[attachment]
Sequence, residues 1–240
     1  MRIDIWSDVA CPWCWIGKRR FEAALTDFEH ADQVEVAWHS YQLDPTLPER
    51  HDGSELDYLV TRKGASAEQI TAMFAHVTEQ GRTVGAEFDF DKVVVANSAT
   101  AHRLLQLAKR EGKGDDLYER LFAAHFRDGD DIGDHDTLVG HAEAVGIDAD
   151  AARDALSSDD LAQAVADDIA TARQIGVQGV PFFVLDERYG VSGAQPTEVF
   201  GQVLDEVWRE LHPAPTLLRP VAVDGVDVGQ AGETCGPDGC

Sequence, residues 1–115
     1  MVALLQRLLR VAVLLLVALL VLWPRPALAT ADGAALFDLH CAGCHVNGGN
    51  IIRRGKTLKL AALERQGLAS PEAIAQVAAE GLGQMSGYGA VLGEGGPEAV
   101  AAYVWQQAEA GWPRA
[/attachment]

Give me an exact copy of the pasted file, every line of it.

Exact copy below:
Sequence, residues 1–240
     1  MRIDIWSDVA CPWCWIGKRR FEAALTDFEH ADQVEVAWHS YQLDPTLPER
    51  HDGSELDYLV TRKGASAEQI TAMFAHVTEQ GRTVGAEFDF DKVVVANSAT
   101  AHRLLQLAKR EGKGDDLYER LFAAHFRDGD DIGDHDTLVG HAEAVGIDAD
   151  AARDALSSDD LAQAVADDIA TARQIGVQGV PFFVLDERYG VSGAQPTEVF
   201  GQVLDEVWRE LHPAPTLLRP VAVDGVDVGQ AGETCGPDGC

Sequence, residues 1–115
     1  MVALLQRLLR VAVLLLVALL VLWPRPALAT ADGAALFDLH CAGCHVNGGN
    51  IIRRGKTLKL AALERQGLAS PEAIAQVAAE GLGQMSGYGA VLGEGGPEAV
   101  AAYVWQQAEA GWPRA